The annual meeting of the North Carolina Native Plant Society, to be hosted by Pfeiffer University on June 11, will showcase efforts by Pfeiffer students to remove invasive plants on the Misenheimer campus and replace them with native ones. It will also draw attention to native plants that have been incorporated into campus landscaping.
“I’m teaching my students about invasive plants, how they endanger our ecosystem and what can be done to address that,” said Dr. Carrie DeJaco, associate professor of biology and environmental science at Pfeiffer. “We’re being proactive, both in our actions on campus and in educating future generations. Hopefully, having the society’s meeting at Pfeiffer will inspire its attendees to take more action of this kind across the state.”
DeJaco, an active society member, began teaching at Pfeiffer in 2017, having earned a doctorate in ecology from the University of Illinois Urbana-Champaign. She was interviewed about invasive plants on a recent episode of a podcast called The Backyard Naturalists. She called invasive plants a “hugely problematic” issue about which too few people are aware.
Invasive plants (usually plant species that are native to Europe or Asia) often originate as landscaping items sold in garden centers of big box stores. In many instances, invasive plants escape the confines of a private landscaping project: Birds eat the fruit that these plants produce. Then, they fly off into forests and excrete seeds that germinate into invasive plants.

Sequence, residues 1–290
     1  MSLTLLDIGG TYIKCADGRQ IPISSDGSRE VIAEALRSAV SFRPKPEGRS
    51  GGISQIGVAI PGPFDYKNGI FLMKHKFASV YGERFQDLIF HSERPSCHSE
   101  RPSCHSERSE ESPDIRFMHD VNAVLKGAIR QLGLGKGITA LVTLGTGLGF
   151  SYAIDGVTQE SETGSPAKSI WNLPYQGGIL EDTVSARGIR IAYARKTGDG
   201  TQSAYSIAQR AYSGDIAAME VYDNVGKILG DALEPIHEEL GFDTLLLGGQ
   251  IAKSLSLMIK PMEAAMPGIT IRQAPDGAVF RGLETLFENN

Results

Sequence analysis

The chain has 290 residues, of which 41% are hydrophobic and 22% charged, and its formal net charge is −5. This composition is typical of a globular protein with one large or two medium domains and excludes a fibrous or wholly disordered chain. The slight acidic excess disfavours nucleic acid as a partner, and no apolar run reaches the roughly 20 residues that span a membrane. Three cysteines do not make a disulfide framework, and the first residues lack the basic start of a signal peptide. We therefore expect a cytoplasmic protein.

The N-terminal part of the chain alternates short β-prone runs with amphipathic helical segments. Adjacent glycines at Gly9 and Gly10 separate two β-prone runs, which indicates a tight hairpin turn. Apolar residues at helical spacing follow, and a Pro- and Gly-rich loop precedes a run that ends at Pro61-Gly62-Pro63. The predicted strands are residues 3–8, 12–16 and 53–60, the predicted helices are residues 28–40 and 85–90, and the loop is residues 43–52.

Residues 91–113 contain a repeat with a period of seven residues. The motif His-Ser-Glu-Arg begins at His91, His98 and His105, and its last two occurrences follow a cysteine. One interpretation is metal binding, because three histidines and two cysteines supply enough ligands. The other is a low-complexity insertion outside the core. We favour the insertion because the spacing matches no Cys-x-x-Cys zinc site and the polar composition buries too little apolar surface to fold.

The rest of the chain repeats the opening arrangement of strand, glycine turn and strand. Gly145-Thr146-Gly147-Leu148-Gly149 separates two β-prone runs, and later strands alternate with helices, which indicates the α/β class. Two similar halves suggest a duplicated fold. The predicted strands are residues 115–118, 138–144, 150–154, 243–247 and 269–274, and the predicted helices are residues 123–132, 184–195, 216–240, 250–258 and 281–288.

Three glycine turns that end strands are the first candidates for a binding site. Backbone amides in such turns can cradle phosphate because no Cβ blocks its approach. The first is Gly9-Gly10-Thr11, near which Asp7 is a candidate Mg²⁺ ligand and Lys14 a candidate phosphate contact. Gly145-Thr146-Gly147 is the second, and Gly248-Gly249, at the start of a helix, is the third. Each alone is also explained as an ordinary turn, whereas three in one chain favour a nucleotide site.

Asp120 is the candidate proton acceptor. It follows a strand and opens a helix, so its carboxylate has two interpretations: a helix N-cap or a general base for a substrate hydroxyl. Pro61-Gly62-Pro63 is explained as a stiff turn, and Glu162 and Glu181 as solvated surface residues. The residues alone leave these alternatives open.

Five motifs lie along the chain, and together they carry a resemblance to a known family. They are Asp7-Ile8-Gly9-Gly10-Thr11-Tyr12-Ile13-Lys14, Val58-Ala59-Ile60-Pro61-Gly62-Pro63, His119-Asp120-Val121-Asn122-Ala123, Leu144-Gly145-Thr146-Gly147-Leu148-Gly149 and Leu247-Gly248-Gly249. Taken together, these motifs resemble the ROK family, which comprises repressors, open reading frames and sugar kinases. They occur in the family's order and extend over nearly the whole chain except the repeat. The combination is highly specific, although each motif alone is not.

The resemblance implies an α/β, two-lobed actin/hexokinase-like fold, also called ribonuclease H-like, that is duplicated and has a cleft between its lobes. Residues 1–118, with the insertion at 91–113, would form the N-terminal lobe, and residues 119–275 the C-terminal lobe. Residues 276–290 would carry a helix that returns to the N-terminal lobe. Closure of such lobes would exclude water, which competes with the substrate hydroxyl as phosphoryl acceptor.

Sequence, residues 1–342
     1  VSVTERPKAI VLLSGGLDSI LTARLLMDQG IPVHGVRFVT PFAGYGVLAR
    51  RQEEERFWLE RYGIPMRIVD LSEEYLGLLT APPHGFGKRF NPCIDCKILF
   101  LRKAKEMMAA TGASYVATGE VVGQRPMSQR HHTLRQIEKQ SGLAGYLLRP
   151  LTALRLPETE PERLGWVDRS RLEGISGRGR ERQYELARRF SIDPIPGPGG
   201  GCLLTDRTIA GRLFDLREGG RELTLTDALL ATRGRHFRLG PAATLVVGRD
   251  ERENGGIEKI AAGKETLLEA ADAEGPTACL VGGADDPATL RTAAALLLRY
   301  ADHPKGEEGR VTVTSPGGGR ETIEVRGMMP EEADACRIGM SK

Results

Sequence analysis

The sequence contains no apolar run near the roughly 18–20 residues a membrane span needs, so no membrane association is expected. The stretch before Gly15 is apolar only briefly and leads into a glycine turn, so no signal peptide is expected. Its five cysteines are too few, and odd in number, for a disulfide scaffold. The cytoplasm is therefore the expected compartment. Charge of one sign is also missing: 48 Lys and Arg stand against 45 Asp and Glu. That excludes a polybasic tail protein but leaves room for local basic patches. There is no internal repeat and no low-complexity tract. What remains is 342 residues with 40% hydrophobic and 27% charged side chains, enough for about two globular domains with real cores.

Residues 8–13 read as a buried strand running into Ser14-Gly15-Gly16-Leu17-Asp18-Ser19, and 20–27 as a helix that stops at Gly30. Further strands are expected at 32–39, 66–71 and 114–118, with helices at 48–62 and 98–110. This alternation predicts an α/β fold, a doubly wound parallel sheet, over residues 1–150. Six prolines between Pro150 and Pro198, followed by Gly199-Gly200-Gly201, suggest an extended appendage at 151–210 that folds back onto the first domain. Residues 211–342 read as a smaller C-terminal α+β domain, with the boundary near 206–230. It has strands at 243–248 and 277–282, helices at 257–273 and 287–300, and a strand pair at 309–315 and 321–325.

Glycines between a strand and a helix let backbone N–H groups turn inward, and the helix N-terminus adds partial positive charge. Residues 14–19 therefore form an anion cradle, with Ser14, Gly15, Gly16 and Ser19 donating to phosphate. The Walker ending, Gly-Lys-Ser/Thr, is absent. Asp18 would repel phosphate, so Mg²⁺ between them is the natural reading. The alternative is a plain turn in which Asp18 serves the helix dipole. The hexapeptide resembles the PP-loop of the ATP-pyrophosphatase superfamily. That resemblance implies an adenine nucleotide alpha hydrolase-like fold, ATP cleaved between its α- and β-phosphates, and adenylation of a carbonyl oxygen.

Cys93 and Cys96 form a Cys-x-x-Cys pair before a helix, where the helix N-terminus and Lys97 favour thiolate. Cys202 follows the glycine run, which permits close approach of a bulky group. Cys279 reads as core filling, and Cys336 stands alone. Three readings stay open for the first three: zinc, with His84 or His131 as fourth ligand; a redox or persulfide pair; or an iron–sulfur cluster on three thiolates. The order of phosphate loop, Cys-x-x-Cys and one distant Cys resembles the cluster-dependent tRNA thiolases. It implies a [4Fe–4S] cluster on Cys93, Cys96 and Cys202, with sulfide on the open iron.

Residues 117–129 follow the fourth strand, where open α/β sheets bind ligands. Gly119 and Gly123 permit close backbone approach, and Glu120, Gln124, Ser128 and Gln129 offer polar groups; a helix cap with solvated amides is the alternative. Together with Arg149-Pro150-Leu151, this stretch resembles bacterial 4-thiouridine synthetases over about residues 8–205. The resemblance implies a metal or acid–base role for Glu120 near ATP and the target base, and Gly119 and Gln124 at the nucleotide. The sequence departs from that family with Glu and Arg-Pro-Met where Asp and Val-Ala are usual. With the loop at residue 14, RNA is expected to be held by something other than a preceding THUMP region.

Once in the wilds, invasive plants alter the soil chemistry in a way that prevents native plants from being able to use the nutrients that they need. The population of bugs decreases because there is less of the right plant food for them to eat. The species whose diets are dependent upon the bugs, including birds, lizards and frogs, are then affected by the altered bug population.
“If we don’t have enough bugs, we start losing many species because there’s not enough food for them,” DeJaco said. “Once the invasive plants move into our wild areas, it really destroys the food web and the entire structure of the ecosystem.”
DeJaco and her students have been mounting an aggressive response to this situation at Pfeiffer, and meeting attendees will be taken on tours to see what they’ve done.
Each semester, DeJaco and her students remove invasive plants from the riparian zone along Curl Tail Creek, which the Falcon Trail follows downstream from campus into Richfield. She described planting native plants to counter “a significant invasion of the understory along the creek” by such invasive species as kudzu (which originated in Japan), Japanese privet, Chinese privet, and autumn olive. In the greenhouse on campus, she is currently growing from seed more than 20 species of native plants, such as red buckeye and white wood aster, to use in restoring the riparian area.
“We’ve increased both the beauty and the function of that area,” she said. “We have a nice flower garden there instead of a ditch full of rocks.”